This vibration channeling helps contribute to what TaylorMade likes to call a forged-like feel while still promoting maximum face flex.
Progressive Inverted Cone Technology
TaylorMade’s Inverted Cone Technology (ICT) is strategically positioned into each SIM2 Max and SIM2 Max OS iron as a way to help increase the sweet spot and minimize mis-hits.
The reason for this is shots hit on the toe of longer irons generally result in a miss to the right, TaylorMade engineers have positioned the ICT towards the toe in both SIM2 Max and SIMs Max OS irons to counteract this. Through this move, the engineers have created a draw bias in the longer irons to minimize this common miss without resorting to adding additional offset typically found in larger game improvement designs.
Other technology carryovers from the previous generations that can be found in the SIM2 Max irons include the fluted hosel, 360° undercut cavity -now positioned under the polymer cap back, and an ultra-thin face.
What makes the Max OS irons different?
The SIM2 Max OS irons are everything the SIM Max irons are and more, including everything you would expect from a maximum game improvement irons are packed with all the same technology of the SIM2 Max irons but put together in a wider-soled, lower CG, stronger lofted, more draw-biased package to help golfers that are looking for every advantage.
Specs, pricing, and availability
The SIM2 Max and Max OS irons will be available for preorder starting January 19 and will be in retail locations beginning February 10.
Both sets will be priced at $799 steel (KBS Max MT 85 steel ) and $899 graphite (Fujikura’s Ventus Blue graphite, 7S, 6R & 5A) in 7 piece set configurations 4-pitching wedge – which is a departure from the way TaylorMade has assembled stock sets in the past. This allows golfers to choose whether they would prefer to order the matching wedges for the set – which include a gap wedge, sand wedge, and lob wedge, or go with something else to find proper gapping.
The SIM2 Max and SIM2 Max OS irons will also be available for women and come outfitted with the Aldila NV Ladies iron shaft and the Lamkin Ladies Sonar grip.
2021 TaylorMade SIM2 drivers: Better performance, piece by piece
TaylorMade is building upon the SIM driver platform with 2021 TaylorMade SIM2, SIM2 Max, and SIM2 D drivers.
With the launch of the SIM driver series in 2020, TaylorMade proved it could build drivers that offered low spin performance in three different configurations to enhance speed and fit golfers better to reduce dispersion. For 2021, engineers are taking the SIM driver platform further with the launch of the SIM2—including the SIM2 Max, and SIM2 Max D (draw)—by refining the package piece by piece to deliver better performance throughout the entire line.
2021 TaylorMade SIM2 drivers
What’s new, and what you need to know
- Designers have taken every step to look at different materials and configurations to add forgiveness while maintaining the low spin characteristics of the original 2020 SIM design.
- No more sliding weight track. The sliding weight on the standard model has been removed to save mass and increase MOI (a measurement of forgiveness).
- Three different models to choose from with greater differentiation to help golfers get dialed in more effectively and find the design that is the best fit.
- More precision built into every part of the driver. The only way to make a golf club, especially a driver, better, is to maximize the weight properties and geometry. By painstakingly looking at every single component and manufacturing process, that’s exactly what TaylorMade has done.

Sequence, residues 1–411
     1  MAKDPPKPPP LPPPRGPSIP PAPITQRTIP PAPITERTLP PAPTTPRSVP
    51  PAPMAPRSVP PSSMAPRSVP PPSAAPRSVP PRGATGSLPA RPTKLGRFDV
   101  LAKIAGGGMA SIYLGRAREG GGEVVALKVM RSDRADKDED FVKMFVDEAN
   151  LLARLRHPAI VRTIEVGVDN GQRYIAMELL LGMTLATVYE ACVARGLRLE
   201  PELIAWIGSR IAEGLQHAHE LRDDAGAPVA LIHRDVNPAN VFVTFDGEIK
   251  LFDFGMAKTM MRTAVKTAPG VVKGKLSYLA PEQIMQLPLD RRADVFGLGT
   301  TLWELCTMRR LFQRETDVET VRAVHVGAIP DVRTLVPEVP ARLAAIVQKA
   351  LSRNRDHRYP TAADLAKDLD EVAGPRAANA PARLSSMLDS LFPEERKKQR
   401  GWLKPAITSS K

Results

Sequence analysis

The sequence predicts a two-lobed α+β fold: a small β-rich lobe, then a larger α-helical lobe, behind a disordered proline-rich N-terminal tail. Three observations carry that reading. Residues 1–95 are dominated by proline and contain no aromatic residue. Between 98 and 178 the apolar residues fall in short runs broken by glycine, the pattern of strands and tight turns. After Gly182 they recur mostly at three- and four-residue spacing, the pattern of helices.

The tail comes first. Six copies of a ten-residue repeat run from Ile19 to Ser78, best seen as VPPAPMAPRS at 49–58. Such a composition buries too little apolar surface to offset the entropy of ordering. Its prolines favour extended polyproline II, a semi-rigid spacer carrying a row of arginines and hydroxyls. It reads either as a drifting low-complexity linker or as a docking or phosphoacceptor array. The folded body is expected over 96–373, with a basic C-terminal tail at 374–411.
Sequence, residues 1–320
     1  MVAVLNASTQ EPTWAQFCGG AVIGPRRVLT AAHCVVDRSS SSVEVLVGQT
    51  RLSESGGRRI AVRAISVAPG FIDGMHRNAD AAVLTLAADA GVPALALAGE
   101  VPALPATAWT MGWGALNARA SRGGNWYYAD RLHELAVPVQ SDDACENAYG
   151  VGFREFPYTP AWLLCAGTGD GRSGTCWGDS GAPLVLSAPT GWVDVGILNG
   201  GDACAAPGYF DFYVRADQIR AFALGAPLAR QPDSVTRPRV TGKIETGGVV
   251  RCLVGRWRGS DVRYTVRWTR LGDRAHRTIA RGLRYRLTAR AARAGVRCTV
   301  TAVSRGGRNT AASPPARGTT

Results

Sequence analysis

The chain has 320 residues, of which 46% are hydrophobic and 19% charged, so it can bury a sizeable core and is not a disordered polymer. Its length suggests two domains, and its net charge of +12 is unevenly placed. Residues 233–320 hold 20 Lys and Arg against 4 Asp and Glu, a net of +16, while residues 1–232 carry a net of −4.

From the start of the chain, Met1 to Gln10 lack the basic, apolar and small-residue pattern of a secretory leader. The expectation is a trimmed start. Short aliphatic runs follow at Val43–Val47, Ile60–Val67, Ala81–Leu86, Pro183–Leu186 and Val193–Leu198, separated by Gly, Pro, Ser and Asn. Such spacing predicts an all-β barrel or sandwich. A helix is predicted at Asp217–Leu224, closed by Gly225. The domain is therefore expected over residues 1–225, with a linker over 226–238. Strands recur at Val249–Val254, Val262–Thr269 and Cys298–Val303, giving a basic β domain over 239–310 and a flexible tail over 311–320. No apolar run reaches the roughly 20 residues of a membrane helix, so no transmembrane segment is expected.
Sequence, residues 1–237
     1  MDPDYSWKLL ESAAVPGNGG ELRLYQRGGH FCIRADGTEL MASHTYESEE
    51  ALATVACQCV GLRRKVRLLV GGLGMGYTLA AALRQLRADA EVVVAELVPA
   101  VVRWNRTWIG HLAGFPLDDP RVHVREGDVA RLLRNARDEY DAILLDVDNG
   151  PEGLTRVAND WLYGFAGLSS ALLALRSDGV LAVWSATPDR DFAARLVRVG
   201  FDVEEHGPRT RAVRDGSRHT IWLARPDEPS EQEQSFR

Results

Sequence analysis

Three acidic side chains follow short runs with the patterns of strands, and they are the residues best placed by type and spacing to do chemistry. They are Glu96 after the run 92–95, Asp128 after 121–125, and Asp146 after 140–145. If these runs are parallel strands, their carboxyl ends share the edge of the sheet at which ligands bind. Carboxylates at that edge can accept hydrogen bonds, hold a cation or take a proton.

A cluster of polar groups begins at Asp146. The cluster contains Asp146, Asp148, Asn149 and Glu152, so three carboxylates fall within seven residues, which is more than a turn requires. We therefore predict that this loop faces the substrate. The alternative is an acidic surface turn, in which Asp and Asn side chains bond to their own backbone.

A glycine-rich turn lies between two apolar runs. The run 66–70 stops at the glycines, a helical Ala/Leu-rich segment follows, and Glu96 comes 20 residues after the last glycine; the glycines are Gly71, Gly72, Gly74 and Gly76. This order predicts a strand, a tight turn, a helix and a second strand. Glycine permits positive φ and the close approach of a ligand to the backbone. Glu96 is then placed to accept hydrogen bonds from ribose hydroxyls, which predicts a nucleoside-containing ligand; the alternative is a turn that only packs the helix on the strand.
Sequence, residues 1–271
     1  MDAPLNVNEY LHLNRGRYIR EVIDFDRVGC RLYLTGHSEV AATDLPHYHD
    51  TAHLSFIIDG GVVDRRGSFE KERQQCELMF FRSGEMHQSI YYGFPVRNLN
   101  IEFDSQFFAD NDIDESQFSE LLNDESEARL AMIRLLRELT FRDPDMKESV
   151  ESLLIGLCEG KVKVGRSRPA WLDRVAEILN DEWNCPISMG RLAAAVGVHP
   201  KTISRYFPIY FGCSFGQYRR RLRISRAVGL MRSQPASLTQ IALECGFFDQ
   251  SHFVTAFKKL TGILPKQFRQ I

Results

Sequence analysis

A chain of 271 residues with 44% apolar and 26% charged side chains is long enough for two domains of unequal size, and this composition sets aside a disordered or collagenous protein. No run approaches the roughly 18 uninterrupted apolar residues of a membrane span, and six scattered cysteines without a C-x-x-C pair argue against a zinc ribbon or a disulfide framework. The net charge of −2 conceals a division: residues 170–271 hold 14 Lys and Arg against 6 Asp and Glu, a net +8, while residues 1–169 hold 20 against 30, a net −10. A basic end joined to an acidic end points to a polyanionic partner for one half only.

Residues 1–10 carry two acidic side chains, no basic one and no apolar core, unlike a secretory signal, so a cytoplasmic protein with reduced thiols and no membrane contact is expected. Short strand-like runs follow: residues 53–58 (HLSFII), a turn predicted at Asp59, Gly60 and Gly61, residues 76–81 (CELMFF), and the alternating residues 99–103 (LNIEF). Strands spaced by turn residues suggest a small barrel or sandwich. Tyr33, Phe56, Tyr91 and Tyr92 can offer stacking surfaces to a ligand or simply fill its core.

The technology inside and out
What’s the same? What has gotten better?
Twist Face technology: Since its introduction in the M4 and M4 drivers, this redesigned bulge and roll profile helps keep shots missed around the face online and closer to the center while also normalizing spin to increase consistency.
Speed Injected face: Speed Injection was introduced with the M5 and M6 drivers. It allows TaylorMade to calibrate each clubface right to the legal limit of CT without going over. With the new SIM2 drivers, this manufacturing process and the system used to dial it is have been moved and improved to save weight and further fine-tune face performance.
Inertia Generator: The extremely low and rear placed mass helps position the CG low and away from the clubface to boost MOI. With the new SIM2 drivers and the weight savings accomplished around the head, this weight is now heavier to increase MOI and drive the center of gravity lower.
Three models: The SIM2 driver family features three distinct models to help golfers find the right performing driver for them.
Improvement piece by piece
As mentioned off the top, the engineers at TaylorMade looked at every part of the driver to improve performance and increase forgiveness, so let’s take a deep dive into each component and put it all together.
CNC Milled ICT (Inverted Cone Technology) and redesigned Speed Injected reservoir
TaylorMade is taking its face precision to the next level by CNC milling the ICT (TaylorMade’s patented variable thickness face technology) into the back of the face. Other OEMs have started to use milling around the face of the driver in a different variation, but this is a first for TaylorMade and allows engineers to also remove a reservoir from the injection process.
By eliminating one of the front reservoirs and only having one positioned behind the face, engineers have been able to remove the dual injection ports from the face and place a single port on the toe. Less is more when it comes to drivers, and less structure and mass in the front of the driver head frees up precious grams to be redistributed.
Carbon composite crown
To say that the carbon crown on the SIM2 is revolutionary would be a stretch, but it is still a key part of what allows the designers to save mass and position it lower in the head and around the perimeter. The carbon crown of the SIM2 is comprised of six layers and comes in at just over 10g grams, meaning it holds less than five percent of the clubhead’s total mass.